Once again, our standings haven't changed much, but we lost a little against the ones ahead of us, and gained a little against the ones behind us. Given the events of today, we are happy to still being in the race ...
The wind picked up today, the squall activity increased, and the waves got higher up to the point where you couldn't see the horizon over the wave ahead or behind. Worst of all, the waves came from an angle from behind. The wave lifts the boat, say, from stern port side, rolls the boat to starboard and raises the stern. The boat goes downhill, the wave moves ahead under the boat, lifts the bow, while letting the stern sink, letting the port bow sink before the starboard bow, thereby rolling the boat to port. The next wave repeats that. And occasionally, a wave comes from the other side. At the helm you need to anticipate the boat movement, and counter steer; but be careful not to overdue it, otherwise you may amplify the boat movement and then you run into very significant problems and major damages when the boat dips the spinnaker pole into the water. This is manageable on a normal day. But then there was today:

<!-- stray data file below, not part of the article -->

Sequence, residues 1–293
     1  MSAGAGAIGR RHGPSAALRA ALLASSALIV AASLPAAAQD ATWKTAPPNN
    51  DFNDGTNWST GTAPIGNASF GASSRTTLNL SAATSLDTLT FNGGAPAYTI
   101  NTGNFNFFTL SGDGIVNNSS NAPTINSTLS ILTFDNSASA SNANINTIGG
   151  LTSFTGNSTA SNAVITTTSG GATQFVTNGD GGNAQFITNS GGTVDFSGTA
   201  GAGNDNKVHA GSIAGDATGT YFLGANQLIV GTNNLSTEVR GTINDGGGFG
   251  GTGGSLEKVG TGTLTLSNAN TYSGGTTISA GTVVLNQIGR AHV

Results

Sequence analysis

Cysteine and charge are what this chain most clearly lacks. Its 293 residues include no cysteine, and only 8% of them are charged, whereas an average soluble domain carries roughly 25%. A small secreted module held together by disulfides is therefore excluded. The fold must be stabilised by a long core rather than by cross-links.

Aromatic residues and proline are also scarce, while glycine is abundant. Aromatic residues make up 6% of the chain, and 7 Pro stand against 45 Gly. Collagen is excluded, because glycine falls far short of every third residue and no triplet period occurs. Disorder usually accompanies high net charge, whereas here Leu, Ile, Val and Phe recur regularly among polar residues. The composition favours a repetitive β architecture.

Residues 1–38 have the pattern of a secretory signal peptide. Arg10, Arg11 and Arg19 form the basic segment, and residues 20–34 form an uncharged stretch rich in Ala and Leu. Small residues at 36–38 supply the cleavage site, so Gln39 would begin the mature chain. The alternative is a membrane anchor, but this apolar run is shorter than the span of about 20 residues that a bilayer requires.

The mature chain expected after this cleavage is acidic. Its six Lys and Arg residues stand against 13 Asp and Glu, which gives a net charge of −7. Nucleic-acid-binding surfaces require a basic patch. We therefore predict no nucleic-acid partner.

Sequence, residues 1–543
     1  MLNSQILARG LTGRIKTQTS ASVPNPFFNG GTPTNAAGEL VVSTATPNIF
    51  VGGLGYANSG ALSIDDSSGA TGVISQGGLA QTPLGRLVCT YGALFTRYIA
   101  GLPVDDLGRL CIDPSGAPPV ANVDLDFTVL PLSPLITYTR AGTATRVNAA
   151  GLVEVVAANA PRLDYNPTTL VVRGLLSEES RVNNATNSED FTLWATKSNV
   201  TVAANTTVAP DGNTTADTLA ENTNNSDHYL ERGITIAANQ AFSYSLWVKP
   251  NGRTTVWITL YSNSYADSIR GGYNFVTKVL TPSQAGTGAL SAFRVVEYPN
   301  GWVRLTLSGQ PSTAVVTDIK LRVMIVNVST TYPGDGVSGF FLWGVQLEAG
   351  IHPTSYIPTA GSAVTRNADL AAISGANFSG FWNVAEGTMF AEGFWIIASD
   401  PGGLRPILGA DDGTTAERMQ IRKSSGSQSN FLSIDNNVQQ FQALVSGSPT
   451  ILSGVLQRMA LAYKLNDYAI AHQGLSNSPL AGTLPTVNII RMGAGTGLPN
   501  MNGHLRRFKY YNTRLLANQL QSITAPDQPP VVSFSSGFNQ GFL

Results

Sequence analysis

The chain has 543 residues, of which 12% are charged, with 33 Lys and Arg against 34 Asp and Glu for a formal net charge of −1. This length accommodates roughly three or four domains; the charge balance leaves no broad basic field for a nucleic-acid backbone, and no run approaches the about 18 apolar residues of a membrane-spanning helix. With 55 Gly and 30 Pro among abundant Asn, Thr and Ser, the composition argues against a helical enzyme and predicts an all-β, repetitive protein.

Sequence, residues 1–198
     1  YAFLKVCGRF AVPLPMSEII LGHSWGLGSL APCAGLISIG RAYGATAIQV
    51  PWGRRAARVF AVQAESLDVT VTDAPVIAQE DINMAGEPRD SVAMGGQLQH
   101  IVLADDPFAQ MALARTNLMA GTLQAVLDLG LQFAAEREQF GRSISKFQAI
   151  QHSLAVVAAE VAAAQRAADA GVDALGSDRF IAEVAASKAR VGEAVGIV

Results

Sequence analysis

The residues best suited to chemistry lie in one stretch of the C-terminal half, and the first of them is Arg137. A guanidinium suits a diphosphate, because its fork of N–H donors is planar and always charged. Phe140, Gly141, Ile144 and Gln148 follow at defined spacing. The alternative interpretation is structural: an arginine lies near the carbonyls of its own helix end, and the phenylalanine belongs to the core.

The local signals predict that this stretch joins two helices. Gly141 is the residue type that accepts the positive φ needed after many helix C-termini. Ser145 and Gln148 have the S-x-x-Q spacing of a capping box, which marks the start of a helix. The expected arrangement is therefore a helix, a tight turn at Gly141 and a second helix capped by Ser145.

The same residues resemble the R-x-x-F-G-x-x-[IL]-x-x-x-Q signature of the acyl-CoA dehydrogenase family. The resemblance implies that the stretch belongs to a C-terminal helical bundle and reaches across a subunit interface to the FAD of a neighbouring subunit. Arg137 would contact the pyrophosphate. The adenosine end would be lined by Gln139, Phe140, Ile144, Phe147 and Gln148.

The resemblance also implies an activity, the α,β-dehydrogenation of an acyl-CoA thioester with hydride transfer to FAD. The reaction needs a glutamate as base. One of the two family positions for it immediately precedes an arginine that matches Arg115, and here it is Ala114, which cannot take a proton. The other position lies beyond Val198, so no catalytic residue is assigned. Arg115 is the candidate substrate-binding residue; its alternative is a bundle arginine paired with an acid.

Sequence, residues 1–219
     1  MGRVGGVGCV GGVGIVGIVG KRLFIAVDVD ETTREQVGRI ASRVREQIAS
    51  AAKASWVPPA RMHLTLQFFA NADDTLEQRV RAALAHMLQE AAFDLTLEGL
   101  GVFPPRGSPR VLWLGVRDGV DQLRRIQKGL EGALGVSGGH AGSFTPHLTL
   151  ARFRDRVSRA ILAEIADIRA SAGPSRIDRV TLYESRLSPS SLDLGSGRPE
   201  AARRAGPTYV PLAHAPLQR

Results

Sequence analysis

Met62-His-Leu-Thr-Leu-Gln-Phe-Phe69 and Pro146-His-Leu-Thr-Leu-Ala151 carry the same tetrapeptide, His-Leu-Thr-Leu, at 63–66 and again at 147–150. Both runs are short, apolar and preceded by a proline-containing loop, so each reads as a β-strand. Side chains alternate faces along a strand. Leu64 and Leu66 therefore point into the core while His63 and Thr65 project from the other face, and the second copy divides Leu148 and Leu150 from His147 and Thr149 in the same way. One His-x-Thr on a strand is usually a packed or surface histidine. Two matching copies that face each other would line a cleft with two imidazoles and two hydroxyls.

It was 6 am PDT this morning. Since we are keeping PDT time on the boat, and Hawaii is 3h behind and we being 2/3 there, the local time was about 4am. The moon, now a half moon, was up, shining through a thin cloud layer. So we could actually see the major features of the boat but not details. Howard was just coming up for his watch, and George was going down, with me having the helm. The wind was good at some 10-12 kn and we moved well. Suddenly the wind increased, possibly due to a squall, although no rain was coming down. A furious ride began with boat speeds exceeding 9 kn, sometimes pushing the rail in the water in the attempts to correct the swinging of the boat. The Klabautermann acted, ripping the guy (a line of the spinnaker) out of the clew of the spinnaker pole. The spinnaker, now without pole support, flew wildly.
We later looked at the clew, which has a steel pin about the thickness of a big thumb, which locks the lines in place. This lock was closed when we inspected it. Nothing was damaged. So how could the guy have come out? If that doesn't convince any doubters about the existence of Klabautermann, I really don't know what might do.